I looked up at him; I judged he was maybe a year or two older than me. He had a slight southern twang to his voice; He seemed well-grounded and had an air of confidence about him. He had kept his head during the crash and seemed calm. He gave me the impression of someone who was used to taking care of themselves.

‘That’s my story, man, what about you?’

He laughed and shook his head, ‘there’s not much to tell, really. My dad skedaddled out of town when he got my mom pregnant; she wasn’t cut up about it. She describes my dad as an Asshole with a big dick, and a small brain.’

We both started to laugh; it was just what we needed to break the tension and trauma of the day. We laughed till the tears ran down our cheeks.

After several minutes, Screwball regained his composure and continued.

‘My mom is a waitress, she works in a Diner; she finally got married when I was about eight. Her husband is a good man; he treats her well but never had much time for me. We argued a lot as I got older, especially once he got my mom pregnant and had his own kids. I guess I was just jealous she had someone else in her life she could show love and attention to! Finally, I left home at sixteen. I bummed around for a while and then eventually got myself a job in a brewery in St Louis, in the bottling plant.’

‘What did you bottle?’ I asked.

He tapped the card on his helmet, ‘Why, the King of Beers, of course.’ He chuckled.

Well, that explained the card and nickname!

I licked my lips, ‘I could sure do with an ice-cold one, right now!’

‘I hear that!’ he agreed and slid his jacket back on. ‘Tell you what, when we get back to the pound, I will buy you one. I owe you!’ he grinned and lifted his shoulder and then winced with the pain.

I smiled at that little glimmer of optimistic hope that he actually thought we were going to make it out of this shit show, alive.’

‘You got a deal, man!’ I slapped him on the shoulder, ‘c’mon, let’s hump it out of here.’ I said and picked up my pack. Together, we trudged on through the jungle without a clue as to where the hell we were going.


We spent the night under the stars. Sleep stayed just out of reach, even though we were exhausted. Every sound out there in the dark stoked our overactive imaginations keeping us on high alert. We were afraid to make a fire in case Charlie saw it. And so we huddled up beneath a tree, clutching our M16s tightly, and waited for the daybreak.

We spent the morning sharing a tin of chipped beef and gravy and burning leeches off each other with cigarettes.

Screwtop took the empty smokes packet, wrote something on it, and handed it to me.

‘Here, stick that in your hat, man!’

A smile spread across my face as I read his scrawl. He had drawn a sheriff’s badge on it and written ‘Lawman’ across his crude artwork.

I slipped it into my helmet band. I smiled and nodded. We shared a silent moment; we knew our survival was slim, if we didn’t stumble into the VC sooner or later then we would either die of starvation or some jungle infection.

‘Come on, man, let’s get our sorry asses out of this goddamn Jungle!’ I eventually said.

‘Roger, that, Lawman,Screwtop grinned, and then we set off again, hoping, against hope, a miracle was just around the corner.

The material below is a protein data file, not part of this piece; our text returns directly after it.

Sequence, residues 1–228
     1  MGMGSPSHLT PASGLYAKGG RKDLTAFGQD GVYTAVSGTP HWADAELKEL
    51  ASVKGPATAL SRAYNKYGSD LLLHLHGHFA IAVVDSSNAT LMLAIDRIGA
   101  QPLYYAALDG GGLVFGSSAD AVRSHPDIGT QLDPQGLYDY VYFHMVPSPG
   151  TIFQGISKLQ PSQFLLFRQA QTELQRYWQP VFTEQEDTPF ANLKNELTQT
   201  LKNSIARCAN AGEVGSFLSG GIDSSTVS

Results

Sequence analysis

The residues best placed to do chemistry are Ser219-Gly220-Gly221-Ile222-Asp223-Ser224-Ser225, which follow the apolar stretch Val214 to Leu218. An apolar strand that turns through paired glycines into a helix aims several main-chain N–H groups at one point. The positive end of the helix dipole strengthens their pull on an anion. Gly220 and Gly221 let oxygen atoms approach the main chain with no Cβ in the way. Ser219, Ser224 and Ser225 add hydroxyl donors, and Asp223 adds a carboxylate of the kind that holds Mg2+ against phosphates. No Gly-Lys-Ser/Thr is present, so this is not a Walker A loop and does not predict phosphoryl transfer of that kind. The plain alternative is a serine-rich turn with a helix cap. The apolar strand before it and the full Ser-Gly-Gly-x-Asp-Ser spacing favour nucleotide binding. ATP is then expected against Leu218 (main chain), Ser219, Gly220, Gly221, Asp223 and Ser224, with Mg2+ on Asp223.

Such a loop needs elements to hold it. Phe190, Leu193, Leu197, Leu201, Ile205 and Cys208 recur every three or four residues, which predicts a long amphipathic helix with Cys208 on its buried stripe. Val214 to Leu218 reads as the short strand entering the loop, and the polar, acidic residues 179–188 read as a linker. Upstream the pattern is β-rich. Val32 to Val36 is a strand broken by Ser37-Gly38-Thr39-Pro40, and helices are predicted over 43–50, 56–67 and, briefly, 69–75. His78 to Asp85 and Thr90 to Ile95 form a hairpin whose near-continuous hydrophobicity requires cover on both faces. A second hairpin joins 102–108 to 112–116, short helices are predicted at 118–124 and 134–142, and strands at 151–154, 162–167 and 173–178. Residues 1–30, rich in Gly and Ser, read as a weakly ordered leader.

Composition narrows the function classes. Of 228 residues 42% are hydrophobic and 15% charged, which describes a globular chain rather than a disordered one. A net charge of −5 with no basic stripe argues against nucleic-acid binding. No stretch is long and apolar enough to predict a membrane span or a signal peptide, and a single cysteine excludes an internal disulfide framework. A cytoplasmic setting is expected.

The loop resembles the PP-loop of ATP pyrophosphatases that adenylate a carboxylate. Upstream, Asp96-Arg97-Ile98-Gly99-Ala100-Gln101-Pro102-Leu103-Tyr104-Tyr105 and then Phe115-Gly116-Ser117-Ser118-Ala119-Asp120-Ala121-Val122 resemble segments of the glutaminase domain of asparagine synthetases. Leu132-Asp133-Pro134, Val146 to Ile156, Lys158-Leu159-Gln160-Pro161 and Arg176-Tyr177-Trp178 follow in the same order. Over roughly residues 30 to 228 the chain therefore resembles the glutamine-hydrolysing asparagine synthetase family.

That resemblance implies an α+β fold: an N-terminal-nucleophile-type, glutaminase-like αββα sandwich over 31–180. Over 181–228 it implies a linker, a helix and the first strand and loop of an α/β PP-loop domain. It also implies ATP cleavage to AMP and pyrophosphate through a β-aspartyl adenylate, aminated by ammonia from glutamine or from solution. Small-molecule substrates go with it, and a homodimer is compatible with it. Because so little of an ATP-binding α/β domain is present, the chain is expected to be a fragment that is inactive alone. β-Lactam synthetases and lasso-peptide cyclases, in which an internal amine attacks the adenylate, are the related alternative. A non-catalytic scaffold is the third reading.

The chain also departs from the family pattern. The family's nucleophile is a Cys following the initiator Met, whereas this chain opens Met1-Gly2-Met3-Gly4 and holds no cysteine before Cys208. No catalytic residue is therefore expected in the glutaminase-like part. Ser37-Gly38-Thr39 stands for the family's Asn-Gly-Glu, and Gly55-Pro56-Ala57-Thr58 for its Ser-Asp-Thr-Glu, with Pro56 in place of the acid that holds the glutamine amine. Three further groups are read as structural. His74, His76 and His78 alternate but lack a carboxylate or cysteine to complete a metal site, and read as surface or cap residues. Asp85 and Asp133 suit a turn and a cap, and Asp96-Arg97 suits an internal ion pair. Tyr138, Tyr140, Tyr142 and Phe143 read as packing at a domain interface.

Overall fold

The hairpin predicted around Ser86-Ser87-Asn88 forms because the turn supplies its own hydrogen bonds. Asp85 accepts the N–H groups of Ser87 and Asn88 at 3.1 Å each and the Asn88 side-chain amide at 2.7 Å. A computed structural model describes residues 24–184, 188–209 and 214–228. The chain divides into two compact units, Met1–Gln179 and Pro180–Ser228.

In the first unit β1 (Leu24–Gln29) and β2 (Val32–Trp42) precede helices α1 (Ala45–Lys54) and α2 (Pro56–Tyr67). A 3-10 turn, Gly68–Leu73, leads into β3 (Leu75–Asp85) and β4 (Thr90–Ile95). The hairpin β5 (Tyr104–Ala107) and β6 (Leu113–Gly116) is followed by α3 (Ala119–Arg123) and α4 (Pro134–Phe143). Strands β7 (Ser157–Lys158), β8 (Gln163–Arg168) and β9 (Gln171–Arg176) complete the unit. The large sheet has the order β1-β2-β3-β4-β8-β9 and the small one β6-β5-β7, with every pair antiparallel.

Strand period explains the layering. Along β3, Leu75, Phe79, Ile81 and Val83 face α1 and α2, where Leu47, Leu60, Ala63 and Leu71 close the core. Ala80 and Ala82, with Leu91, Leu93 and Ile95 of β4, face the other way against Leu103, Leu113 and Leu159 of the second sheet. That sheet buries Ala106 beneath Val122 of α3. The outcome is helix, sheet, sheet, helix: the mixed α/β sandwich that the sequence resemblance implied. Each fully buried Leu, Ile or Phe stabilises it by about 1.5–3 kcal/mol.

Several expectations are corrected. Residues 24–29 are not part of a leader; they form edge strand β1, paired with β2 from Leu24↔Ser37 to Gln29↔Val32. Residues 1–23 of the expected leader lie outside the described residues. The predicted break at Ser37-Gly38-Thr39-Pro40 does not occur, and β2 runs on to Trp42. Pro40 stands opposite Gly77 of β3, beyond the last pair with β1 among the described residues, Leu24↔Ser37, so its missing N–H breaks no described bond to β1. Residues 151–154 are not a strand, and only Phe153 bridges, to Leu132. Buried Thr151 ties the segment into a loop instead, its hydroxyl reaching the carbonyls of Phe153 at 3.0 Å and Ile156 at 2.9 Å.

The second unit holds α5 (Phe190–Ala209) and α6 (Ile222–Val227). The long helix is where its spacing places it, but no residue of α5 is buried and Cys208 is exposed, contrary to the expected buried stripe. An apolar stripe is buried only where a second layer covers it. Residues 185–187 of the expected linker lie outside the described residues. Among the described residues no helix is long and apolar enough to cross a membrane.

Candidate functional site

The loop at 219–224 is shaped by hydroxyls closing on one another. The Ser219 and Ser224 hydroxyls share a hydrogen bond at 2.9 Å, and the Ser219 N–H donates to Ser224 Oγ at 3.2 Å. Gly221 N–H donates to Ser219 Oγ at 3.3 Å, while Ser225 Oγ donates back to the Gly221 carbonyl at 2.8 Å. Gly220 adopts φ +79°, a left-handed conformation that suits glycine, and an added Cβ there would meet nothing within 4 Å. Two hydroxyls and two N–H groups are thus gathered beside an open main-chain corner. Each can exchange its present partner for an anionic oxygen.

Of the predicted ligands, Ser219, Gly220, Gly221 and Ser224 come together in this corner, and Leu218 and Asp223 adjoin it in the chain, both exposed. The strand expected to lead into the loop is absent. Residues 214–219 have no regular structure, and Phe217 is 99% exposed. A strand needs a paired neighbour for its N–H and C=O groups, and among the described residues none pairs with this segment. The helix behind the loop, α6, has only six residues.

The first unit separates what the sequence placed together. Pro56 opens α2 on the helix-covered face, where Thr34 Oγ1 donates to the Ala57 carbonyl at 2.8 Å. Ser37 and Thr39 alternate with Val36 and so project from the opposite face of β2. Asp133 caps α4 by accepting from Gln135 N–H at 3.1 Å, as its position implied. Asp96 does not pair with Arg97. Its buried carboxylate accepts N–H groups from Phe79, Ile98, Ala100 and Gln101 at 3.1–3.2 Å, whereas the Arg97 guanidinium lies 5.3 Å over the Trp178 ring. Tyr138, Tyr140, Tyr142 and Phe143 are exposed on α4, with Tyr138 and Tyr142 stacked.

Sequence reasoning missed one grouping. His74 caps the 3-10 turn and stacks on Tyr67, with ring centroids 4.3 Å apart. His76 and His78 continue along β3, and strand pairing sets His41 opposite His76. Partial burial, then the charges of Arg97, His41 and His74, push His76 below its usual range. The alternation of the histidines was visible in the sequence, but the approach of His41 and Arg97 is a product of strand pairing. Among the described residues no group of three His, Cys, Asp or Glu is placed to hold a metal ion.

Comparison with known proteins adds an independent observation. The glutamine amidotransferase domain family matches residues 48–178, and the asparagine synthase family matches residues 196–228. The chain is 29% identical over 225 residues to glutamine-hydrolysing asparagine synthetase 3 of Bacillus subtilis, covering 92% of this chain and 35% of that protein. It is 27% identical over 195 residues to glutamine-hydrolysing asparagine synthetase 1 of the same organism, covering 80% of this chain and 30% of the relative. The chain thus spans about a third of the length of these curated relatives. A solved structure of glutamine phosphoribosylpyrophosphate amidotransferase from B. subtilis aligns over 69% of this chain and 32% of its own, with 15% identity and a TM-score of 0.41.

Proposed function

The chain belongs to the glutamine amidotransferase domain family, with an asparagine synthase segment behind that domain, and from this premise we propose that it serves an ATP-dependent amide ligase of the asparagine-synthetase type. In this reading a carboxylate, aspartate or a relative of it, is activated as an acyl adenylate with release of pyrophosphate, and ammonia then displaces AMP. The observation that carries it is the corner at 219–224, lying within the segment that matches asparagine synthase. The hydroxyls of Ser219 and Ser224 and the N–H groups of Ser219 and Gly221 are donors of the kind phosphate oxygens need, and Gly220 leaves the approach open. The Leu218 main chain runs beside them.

Time means nothing when you are lost and your surroundings just look the same with no change. The heat of the day was increasing. The sound of the jungle was almost torturous. With the constant squawking of birds and the incessant clicking of insects, I was in my own personal hell. I wiped sweat droplets off my nose and took a swift sip from my almost empty water-can. And then I heard it. I stopped; my ears were straining to filter out the jungle noise. My heart thudded, I turned to Screwtop.

‘You hear that, man?’

The concentration on Screwtop’s face was easy to read, and then his face lit up, ‘Choppers, man, close-by!’

‘Huey’s,’ I would recognize that sound, anywhere,’ I gleefully replied, ‘C’mon, man we don’t want to miss our ride home!’ I laughed, and then we both began to run toward the sweet sound of those roaring engines as fast as our tired legs could carry us.


As I ran like the devil was on my tail, I suddenly spotted something to my left amongst the big flopping leaves. A quick glance kick-started my heart into triple-time. I counted three VCs running level with us toward the sound of the choppers.

‘VCs three o’clock...’ I screamed at Screwtop.

And then they opened fire on us!

The jungle erupted around me, ripped up with the thunderous Blam...Blam... Blam of an AK47s emptying its magazine at us.

I glanced at Screwtop, he raised his M16 out at arm’s length and let rip with his own volley of deadly fire. His muzzle flashed, his arm vibrated as the weapon jerked in his hand and a steady stream of smoking shells were ejected from the hammering stock.

And then we broke through the trees into the sunlight and tumbled down a hand-dug waterlogged ditch like felled nine pins as bullets flew over our heads. We were on the far end of a huge rice field. A small ramshackle village stood on its far side on a hill.

Three Huey’s were taking off and getting ready to leave.

‘Pop the smoke, man!’ Screwtop screamed.

‘I ripped a smoke canister from my belt, pulled the pin, and threw it into the field.

The canister flashed with sparks and then a thick stream of red smoke belched from it.

We began to run toward the choppers, yelling and waving our hands frantically trying to catch their attention.

The choppers were a good thirty feet in the air and looked as if they were going to leave us, and then one stopped, it hovered in the air and then swung around to face us, and then it tilted in the air and came toward us dropping to a few feet off the ground. It was about two hundred feet away.